This I’m fairly certain is Eas Caorthainn Duinn – the waterfall of the rowan. Rowan also known as Mountain Ash or Quicken trees survive well enough in upland areas and rough ground. They have distinctive clumps of red berries in the late summer.
The name Eas Caorthainn Duinn would not be in use locally now but is described by Eugene Curry in 1837 when he writes of making enquiries in Glenasmole, Co.Dublin for the Six Inch Survey then in preparation. He describes Eas Caorthainn Duinn as a fast flowing stream that enters the Dodder near the moats. If you read his account closely in the Dublin OS Letters, the location would appear to be further up the valley at what is now known as the Three Brooks. However I’ve examined the streams there and the description doesn’t fit well. On the other hand, this nearby stream that rises in Cunard Bog and enters between the two moats fits it perfectly and is an obvious feature to have such a name. Curry would have written up his notes after the day and likely just mixed up the sequence of names.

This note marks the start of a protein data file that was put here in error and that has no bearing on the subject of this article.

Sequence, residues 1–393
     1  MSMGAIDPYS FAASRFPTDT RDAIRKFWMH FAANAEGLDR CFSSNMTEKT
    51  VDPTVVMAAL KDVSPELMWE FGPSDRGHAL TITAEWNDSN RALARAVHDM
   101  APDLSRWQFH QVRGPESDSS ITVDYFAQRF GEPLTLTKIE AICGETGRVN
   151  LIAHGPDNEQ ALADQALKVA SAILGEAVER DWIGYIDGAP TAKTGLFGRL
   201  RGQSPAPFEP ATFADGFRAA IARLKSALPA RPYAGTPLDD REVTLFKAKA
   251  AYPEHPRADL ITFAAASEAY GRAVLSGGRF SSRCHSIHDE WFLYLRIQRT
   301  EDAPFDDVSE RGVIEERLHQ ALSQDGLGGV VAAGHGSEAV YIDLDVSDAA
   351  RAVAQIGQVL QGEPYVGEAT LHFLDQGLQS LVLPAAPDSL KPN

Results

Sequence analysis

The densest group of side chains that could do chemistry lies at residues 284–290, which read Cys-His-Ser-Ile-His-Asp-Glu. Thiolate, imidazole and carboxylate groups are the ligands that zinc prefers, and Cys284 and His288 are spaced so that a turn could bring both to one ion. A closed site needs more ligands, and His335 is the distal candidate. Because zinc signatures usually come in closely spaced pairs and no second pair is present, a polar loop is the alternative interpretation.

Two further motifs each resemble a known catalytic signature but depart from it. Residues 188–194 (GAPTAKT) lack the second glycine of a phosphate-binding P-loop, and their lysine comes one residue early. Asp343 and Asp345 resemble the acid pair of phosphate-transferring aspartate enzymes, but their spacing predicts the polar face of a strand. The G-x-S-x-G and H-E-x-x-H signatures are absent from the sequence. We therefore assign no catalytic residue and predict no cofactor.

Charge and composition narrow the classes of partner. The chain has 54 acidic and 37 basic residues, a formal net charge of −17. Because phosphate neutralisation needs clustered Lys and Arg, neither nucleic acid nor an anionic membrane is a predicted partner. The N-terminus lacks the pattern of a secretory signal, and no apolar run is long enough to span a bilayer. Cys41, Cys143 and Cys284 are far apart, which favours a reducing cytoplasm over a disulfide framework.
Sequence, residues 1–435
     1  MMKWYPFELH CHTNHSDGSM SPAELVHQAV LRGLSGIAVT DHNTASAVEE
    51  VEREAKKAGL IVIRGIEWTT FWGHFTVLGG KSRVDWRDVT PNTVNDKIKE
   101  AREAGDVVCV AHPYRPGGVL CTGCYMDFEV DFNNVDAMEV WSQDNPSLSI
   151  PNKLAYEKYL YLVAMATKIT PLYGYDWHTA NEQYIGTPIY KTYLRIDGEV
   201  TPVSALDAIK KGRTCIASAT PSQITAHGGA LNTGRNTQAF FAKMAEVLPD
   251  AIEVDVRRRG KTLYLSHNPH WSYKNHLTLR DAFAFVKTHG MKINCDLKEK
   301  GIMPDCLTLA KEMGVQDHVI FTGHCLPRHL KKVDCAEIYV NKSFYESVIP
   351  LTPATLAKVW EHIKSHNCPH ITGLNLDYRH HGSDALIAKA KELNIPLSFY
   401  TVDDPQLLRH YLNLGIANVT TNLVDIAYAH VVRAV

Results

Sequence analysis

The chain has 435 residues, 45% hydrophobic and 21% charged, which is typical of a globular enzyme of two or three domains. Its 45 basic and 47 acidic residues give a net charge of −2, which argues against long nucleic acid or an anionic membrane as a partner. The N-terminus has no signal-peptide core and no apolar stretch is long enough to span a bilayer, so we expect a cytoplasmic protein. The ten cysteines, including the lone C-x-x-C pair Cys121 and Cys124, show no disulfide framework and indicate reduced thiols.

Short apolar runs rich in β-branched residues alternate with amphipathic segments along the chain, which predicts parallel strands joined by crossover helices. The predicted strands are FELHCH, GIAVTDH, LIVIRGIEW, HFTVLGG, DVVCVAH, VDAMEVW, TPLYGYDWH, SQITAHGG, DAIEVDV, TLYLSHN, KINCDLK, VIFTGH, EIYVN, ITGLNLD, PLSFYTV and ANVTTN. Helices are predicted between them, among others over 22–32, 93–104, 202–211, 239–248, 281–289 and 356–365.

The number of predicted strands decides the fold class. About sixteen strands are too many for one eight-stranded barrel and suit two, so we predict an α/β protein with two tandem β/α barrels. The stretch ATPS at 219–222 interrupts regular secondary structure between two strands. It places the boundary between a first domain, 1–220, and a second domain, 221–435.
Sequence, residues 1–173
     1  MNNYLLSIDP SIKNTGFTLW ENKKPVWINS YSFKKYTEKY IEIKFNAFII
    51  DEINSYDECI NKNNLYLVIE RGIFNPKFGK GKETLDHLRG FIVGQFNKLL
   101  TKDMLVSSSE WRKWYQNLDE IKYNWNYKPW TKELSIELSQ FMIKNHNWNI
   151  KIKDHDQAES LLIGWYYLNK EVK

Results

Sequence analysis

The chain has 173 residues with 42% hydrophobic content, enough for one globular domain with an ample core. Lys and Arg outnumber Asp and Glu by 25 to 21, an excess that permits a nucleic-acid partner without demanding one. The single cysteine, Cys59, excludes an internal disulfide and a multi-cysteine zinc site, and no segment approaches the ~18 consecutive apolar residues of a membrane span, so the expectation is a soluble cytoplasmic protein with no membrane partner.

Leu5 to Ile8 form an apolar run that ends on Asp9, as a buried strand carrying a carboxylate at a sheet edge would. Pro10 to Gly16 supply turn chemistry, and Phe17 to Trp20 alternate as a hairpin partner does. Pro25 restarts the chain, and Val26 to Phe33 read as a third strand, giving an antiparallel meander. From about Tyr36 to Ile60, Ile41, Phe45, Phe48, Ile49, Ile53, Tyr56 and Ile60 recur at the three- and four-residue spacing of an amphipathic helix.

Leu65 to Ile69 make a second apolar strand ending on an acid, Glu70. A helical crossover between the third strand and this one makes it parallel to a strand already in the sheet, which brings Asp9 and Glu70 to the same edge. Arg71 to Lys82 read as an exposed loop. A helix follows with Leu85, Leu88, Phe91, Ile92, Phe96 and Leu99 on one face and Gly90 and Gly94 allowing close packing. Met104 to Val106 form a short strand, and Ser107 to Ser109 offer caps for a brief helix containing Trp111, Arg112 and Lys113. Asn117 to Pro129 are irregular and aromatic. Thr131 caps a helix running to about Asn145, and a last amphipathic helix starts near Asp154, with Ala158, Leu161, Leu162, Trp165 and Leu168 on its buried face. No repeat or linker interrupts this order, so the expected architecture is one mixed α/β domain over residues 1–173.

Curry collected other placenames in Glenasmole and also around Glencullen and the Tallaght Hills. His are one of only a few accounts that I’ve seen of the Ordnance Survey of the day collecting minor placenames. Unfortunately most of these names did not make it onto the final six inch maps, possibly because the names had already been fixed and/or the draughtsmen back in the Phoenix Park had difficulty knowing where to label them.
Eas Caorthainn Duinn and various other names that I’ve been able to fix all appear on our Dublin Mountains 1:25,000 map.